A flavored tobacco ban has been unanimously approved by the California Assembly, advancing the legislation and setting up negotiations between the Assembly and Senate to resolve differences in the bill before it heads to the desk of Gov. Gavin Newsom, who has indicated his support for the ban.
On Monday, the Assembly voted 50-0 in favor of SB 793, which will prohibit the sale of nearly all flavored tobacco products, flavored e-cigarettes and flavored vaping products.
During the legislative process, the bill was amended to include an exemption for some premium cigars. The Assembly’s version of the bill defines premium cigars as being “any cigar that is handmade, is not mass-produced by use of mechanization, has a wrapper that is made entirely from whole tobacco leaf, and has a wholesale price of no less than twelve dollars ($12). A premium cigar does not have a filter, tip, or nontobacco mouthpiece and is capped by hand.”
The price requirement is easily the most difficult hurdle to clear for the premium cigar industry, as that would mean that a cigar with a $12 wholesale price would have a retail price of around $24, which few if any flavored premium cigars have.
The law also includes an exemption for loose leaf tobacco, which the bill defines as “cut or shredded pipe tobacco, usually sold in pouches, excluding any tobacco product which, because of its appearance, type, packaging, or labeling, is suitable for use and likely to be offered to, or purchased by, consumers as tobacco for making cigarettes, including roll-your-own cigarettes.”
There is also a sizable exemption for flavored shisha tobacco that is sold by a hookah tobacco retailer, though the law requires several conditions to be met:
- The hookah tobacco retailer has a valid license to sell tobacco products;
- The hookah tobacco retailer does not permit any person under 21 years of age to be present or enter the premises at any time;
- The hookah tobacco retailer shall operate in accordance with all relevant state and local laws relating to the sale of tobacco products; and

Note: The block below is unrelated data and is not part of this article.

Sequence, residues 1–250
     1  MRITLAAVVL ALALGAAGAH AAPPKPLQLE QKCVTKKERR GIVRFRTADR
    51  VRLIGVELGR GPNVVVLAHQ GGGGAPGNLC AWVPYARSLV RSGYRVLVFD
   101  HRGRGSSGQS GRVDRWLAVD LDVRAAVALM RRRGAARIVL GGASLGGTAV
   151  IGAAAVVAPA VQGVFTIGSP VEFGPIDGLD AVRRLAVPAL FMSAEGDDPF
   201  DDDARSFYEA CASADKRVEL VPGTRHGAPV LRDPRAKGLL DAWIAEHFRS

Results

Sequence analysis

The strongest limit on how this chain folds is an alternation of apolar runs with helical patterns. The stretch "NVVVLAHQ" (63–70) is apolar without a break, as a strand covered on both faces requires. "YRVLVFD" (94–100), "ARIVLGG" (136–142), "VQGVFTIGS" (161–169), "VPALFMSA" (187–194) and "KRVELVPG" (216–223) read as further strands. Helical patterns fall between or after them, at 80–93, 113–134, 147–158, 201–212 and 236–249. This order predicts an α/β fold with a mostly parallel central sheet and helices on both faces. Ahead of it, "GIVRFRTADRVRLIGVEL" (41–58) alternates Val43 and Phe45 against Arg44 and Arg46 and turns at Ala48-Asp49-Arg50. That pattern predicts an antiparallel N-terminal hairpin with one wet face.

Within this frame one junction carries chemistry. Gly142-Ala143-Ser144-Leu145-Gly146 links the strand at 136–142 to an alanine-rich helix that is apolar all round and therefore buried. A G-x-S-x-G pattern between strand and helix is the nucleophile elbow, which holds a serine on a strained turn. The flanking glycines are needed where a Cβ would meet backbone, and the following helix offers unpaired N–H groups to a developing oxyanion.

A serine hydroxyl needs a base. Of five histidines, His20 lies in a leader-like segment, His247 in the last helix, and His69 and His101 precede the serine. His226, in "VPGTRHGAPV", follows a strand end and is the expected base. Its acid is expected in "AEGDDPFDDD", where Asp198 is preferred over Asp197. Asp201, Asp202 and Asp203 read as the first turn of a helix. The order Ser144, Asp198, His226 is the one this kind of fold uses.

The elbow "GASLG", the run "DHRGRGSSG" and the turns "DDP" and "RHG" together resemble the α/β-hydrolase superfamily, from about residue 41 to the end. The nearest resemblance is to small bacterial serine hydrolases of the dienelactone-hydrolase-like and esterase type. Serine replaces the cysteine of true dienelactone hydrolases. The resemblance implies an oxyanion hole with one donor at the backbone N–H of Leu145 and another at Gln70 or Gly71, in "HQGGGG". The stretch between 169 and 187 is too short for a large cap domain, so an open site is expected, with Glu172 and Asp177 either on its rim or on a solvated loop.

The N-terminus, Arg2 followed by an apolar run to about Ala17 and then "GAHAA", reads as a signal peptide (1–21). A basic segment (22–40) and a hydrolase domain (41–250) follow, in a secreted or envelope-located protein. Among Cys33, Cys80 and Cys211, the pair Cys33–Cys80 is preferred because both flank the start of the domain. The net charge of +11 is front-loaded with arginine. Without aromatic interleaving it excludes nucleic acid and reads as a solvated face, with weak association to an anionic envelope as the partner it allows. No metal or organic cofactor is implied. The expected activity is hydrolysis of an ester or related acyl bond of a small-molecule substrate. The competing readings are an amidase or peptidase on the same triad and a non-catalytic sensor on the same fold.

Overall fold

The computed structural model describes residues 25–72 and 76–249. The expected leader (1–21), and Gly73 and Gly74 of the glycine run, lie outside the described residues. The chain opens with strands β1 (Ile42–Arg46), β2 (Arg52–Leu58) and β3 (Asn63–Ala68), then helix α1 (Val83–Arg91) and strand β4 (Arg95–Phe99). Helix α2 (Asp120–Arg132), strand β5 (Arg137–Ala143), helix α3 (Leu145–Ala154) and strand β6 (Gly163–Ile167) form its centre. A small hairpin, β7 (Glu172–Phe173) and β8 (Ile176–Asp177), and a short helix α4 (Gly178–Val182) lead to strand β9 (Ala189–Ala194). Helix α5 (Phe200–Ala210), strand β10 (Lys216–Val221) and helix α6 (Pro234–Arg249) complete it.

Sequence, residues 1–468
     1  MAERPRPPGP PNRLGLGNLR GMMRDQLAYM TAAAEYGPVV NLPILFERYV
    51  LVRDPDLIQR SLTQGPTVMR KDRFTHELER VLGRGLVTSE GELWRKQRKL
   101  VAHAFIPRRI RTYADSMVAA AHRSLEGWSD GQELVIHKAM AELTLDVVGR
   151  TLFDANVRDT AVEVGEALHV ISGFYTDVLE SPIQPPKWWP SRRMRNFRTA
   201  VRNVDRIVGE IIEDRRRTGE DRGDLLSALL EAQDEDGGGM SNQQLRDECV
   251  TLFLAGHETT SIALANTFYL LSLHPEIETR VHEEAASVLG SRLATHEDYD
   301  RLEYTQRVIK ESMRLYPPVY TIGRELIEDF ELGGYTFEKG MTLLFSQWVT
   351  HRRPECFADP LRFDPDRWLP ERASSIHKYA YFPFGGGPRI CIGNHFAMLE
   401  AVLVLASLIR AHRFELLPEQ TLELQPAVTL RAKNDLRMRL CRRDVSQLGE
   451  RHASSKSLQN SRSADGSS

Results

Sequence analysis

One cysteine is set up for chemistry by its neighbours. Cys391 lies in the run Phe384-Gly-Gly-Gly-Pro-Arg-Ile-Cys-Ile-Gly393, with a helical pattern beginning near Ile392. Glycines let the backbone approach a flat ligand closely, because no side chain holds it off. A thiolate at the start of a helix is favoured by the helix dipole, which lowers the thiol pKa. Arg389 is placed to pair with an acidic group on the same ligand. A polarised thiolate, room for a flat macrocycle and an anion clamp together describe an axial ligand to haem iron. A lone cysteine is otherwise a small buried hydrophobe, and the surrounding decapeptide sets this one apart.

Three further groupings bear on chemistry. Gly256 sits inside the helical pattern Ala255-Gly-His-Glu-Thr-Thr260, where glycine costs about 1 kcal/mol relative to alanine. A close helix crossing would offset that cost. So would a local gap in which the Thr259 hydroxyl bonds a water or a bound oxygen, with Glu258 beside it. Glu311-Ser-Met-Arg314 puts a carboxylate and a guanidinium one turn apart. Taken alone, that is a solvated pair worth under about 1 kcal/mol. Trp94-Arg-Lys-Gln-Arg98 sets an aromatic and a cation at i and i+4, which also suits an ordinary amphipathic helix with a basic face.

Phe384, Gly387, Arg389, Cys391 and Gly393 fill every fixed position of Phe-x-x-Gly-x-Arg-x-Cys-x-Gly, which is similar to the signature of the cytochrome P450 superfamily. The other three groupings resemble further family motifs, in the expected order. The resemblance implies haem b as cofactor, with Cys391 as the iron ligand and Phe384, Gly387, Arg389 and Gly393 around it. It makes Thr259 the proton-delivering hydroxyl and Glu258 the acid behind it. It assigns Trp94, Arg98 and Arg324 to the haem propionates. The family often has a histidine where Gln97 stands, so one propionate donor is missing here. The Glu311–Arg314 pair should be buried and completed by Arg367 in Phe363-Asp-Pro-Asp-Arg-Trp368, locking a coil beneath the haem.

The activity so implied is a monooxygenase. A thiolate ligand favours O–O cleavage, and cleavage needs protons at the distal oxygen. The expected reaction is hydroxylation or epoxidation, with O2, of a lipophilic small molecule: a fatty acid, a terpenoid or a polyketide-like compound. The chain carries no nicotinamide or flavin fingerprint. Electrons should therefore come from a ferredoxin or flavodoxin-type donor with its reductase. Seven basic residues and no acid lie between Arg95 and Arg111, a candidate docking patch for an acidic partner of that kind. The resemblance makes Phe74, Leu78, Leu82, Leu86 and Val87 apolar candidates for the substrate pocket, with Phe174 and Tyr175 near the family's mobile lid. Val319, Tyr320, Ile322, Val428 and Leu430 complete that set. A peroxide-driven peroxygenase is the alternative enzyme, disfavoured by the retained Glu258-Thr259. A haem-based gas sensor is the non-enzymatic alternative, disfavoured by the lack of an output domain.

- If consumption of tobacco products is allowed on the premises of the hookah tobacco retailer, the hookah tobacco retailer shall operate in accordance with all state and local laws relating to the consumption of tobacco products on the premises of a tobacco retailer.
If signed into law, retailers who violate the law would be subject to fines of $250 per occurrence. The bill also allows local municipalities to enact stricter laws than those of the state, meaning they could remove any exemptions and increase fines if they desired.
For consumers, the bill does not make it illegal to possess such products.
It also does not prohibit flavored marijuana products, which are currently legal under state law.
The bill has already been met with opposition and criticism from the Cigar Association of America, which recently decried the exemptions as a red herring. It has called for all cigars, especially premium cigars, to be treated the same way as loose leaf tobacco and shisha.
The bill notes that the change comes with a substantial cost, as some estimates have put lost revenue as high as $407 million within the first two years of enactment. The reports did account for the potential that significant savings could be seen on the healthcare side of the ledger.
The two chambers must now resolve the differences in their versions of the bill; the Senate bill did not include the exemptions that were passed in the Assembly.
If passed, it remains to be seen whether the ban will be challenged in the courts. A lawsuit brought by several manufacturers of flavored tobacco products regarding a similar ban enacted by Los Angeles County was recently dismissed by a U.S. District Court judge as not violating federal laws regarding the regulation of flavored tobacco products.